Former Trump accountant Jeffrey McConney cries on witness stand in bank fraud trial

As the New York attorney general’s bank fraud trial against Donald Trump dragged on into its eighth week Tuesday, former Trump Organization accountant Jeffrey McConney took the witness stand and cried. But even though McConney made it clear he was tired of being the man to bring down the former president, these weren’t tears of regret.

Instead, McConney lamented how law enforcement continues to target him to get to his former boss.

“I’m an honest person,” he muttered through tears, fondly recalling his time with the famous real estate company. “I’ve been able to do things that a normal accountant wouldn’t be able to do…I’m very proud of the work I’ve done over these 35 years. »

He listed all the ways prosecutors pressed him for answers over the past five years, lamenting how he was subpoenaed by the federal government, forced to testify in the state’s tax fraud trial. Manhattan district attorney against the company last year and forced to appear at the New York Times. York Attorney General’s Bank Fraud Trial Pending.

But when he spoke with a friendly defense attorney, McConney said nothing damning against the Trump Organization. Instead, he described documents in a boring manner for hours.

New York Attorney General Letitia James accused McConney of helping the Trump family and former CFO Allen Weisselberg, once his direct supervisor, falsify business records to get better deals from banks and companies. insurance.

“I just want to relax… and stop being accused of making false statements about the assets of the company I worked for,” he lamented. “I think it was all justified…I’m proud of what I did.”

This unexpected display of emotion was sparked by a question from defense attorney Jesus M. Suarez, who asked why McConney no longer worked at the company.

The detailed answer is of course very revealing.

For years, McConney served as the Trump Organization’s loyal controller, overseeing mundane internal finances and approving all manner of checks issued by the billionaire himself. But that role also involved overseeing Trump’s more questionable activities. Court records from previous court cases show he played an integral role in Trump’s scheme to direct charitable funds to then-Florida Attorney General Pam Bondi, a scheme that ultimately cost Trump his charity when the New York AG closed it.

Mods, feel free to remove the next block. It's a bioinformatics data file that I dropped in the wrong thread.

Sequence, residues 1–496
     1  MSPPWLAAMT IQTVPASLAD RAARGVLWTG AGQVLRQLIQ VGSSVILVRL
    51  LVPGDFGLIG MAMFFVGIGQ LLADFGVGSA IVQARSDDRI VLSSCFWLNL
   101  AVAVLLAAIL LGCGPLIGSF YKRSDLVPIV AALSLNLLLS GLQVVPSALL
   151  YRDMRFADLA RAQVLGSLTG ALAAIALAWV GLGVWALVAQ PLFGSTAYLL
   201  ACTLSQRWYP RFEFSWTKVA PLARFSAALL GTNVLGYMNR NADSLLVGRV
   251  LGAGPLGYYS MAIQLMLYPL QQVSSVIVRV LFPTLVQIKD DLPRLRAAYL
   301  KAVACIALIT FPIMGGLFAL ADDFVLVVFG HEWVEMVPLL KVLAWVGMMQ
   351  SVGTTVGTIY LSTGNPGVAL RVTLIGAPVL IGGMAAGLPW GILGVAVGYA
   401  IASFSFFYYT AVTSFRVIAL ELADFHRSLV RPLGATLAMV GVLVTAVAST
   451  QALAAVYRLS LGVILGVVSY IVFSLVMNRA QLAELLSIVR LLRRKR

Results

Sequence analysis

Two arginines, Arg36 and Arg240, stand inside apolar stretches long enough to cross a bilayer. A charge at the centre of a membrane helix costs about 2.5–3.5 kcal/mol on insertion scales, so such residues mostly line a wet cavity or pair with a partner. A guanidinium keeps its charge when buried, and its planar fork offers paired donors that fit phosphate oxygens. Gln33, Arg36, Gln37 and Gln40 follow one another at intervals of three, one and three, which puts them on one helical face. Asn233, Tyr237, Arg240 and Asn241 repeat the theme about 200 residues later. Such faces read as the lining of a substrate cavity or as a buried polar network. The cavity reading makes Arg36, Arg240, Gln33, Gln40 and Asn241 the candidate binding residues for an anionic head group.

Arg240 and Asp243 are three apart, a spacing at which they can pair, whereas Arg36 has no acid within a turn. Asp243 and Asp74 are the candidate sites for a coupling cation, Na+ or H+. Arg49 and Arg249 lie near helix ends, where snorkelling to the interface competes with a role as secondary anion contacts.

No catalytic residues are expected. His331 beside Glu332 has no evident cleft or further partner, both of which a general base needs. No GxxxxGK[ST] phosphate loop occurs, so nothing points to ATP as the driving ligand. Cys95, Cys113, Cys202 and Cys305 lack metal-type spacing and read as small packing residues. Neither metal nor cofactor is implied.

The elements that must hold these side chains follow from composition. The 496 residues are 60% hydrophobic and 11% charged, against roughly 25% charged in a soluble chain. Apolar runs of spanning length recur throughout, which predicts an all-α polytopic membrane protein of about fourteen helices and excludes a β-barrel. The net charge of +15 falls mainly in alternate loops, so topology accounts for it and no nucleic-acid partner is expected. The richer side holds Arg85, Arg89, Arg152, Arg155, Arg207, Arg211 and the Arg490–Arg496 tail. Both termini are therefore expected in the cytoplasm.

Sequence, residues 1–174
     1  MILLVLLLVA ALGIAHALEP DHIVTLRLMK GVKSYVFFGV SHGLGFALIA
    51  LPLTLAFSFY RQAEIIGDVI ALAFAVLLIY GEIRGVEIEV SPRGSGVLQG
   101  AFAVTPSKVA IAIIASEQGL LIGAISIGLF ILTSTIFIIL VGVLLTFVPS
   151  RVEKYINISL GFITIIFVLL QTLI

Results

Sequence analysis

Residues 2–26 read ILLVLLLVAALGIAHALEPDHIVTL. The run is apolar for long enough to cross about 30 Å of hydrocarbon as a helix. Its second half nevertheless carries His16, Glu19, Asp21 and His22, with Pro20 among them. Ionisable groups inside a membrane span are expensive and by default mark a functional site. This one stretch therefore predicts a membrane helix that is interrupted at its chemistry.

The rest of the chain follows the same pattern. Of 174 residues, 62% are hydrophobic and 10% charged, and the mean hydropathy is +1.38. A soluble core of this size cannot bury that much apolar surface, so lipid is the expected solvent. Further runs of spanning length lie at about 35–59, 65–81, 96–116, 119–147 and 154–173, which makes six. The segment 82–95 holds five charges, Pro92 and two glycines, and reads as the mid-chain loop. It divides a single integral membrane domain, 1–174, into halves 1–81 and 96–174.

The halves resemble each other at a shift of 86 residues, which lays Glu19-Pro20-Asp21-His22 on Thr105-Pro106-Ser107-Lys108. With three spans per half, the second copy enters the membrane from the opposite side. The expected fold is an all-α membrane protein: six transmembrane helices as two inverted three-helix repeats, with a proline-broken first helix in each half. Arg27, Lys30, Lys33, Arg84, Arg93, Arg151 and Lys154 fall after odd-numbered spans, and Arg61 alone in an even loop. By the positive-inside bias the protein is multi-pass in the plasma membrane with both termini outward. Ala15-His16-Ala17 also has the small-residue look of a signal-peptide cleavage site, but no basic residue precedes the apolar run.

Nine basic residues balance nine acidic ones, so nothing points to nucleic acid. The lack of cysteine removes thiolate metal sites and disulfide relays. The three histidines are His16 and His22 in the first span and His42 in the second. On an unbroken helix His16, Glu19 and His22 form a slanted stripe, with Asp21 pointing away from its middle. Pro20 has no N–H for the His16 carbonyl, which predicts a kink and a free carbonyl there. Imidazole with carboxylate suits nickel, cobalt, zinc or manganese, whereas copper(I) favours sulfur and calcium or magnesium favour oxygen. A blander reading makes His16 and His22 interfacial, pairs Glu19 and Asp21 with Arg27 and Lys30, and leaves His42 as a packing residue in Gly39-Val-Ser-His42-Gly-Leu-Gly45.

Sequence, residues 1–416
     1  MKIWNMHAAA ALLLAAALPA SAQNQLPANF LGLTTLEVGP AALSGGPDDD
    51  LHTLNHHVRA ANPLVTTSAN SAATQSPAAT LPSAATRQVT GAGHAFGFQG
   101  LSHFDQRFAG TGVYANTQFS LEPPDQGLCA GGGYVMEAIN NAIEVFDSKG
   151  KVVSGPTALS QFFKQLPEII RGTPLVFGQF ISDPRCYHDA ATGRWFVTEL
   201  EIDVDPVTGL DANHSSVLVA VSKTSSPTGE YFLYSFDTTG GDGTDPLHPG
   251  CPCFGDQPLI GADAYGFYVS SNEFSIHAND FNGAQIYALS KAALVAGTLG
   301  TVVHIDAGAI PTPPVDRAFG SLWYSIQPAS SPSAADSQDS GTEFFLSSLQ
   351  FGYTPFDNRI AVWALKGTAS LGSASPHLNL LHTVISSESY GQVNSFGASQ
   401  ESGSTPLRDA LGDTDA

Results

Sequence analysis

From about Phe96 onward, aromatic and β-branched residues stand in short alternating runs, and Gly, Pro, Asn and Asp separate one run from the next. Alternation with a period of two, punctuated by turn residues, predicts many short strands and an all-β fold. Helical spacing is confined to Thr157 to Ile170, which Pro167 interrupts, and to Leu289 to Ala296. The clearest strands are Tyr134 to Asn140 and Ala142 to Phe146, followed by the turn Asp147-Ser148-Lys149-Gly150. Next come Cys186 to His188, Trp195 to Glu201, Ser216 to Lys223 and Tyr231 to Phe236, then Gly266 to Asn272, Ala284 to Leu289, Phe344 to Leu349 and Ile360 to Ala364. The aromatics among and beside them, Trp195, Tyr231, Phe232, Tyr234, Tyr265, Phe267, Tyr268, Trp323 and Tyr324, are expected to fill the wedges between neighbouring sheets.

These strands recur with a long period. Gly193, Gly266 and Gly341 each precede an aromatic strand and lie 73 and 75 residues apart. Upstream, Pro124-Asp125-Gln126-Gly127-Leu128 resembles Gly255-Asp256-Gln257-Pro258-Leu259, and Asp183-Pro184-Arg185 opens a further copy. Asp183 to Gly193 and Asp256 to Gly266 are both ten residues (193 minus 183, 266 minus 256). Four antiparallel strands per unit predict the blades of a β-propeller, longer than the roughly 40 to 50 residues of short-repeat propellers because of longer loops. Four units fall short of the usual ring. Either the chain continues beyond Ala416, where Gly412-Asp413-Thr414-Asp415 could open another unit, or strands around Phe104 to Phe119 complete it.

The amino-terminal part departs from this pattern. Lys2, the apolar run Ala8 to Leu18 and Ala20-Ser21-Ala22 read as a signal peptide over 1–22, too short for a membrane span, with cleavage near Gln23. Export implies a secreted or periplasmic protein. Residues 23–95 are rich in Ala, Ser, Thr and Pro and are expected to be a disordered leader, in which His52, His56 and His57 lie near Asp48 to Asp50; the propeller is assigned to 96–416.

Last year, the Manhattan district attorney’s trial exposed how McConney helped executives evade taxes, admitting with a smirk beneath his white mustache that he “tried to help them in any way he could… with some suggestions. The company was found guilty on all counts and fined $1.6 million.

But it wasn’t because of McConney. The accountant actually tried to absorb all the blame and attribute it all to personal “mistakes.” One juror later told The Daily Beast that the jury quickly grew tired of his antics after fully realizing “he was obstructing the prosecution and just couldn’t say enough for the defense.” .

McConney played the same ignorant role when AG’s lawyers questioned him last month about his role in the alleged bank and insurance fraud conspiracy, which involved nearly a dozen real estate projects over the course of a decade.

The retired accountant had a much easier time on the witness stand Monday and Tuesday, as he was now fielding softball questions from defense attorneys.

The story of his departure from the Trump Organization glossed over another important fact: McConney left the company shortly before the AG’s trial, but only after being promised a severance package of $500,000.

When state investigators questioned him in court on Oct. 5, McConney revealed that he had already received $375,000, but was still owed $125,000. This monetary arrangement raises obvious red flags, given fears that his former employer could still have considerable influence over a witness in the case.

The situation mirrors the deal made by McConney’s former supervisor, Weisselberg, when he was forced to testify at the prosecutor’s criminal trial last year.

It wasn’t until Weisselberg was on the witness stand that the world first learned that the “fired” CFO was in fact still getting paid, earning the same $640,000 annual salary and receiving the same annual bonus of $500,000 – including compensation he admitted he was looking forward to. to be received shortly after this trial. At the time, former prosecutors who spoke to the Daily Beast derided it as a blatant strategy to keep Trump’s trusted lieutenants in line.

On Tuesday, McConney quickly regained his composure before receiving follow-up questions from Andrew Amer, the attorney general’s special litigation counsel. And McConney immediately claimed ignorance when asked about the contradictions in his testimony.

On Monday, McConney claimed that outside accountants at Mazars USA wrote a particular paragraph in Trump’s 2015 financial statements that was full of caveats. This clearly supported the defense team’s attempt to shed any personal blame by creating distance between Trump and certain details of the billionaire’s wildly inflated personal financial statements.

But during cross-examination Tuesday, Amer displayed an image on the screen facing the courtroom and pointed out that McConney had scribbled the exact same paragraph in blue pen.

The handwritten note touted the mogul’s “brand value” and how he “provided Mr. Trump with the opportunity to participate in licensing deals around the world, as evidenced in the track record below.”

When Amer asked him about it, McConney reverted to his old self; he doesn’t remember who wrote it.

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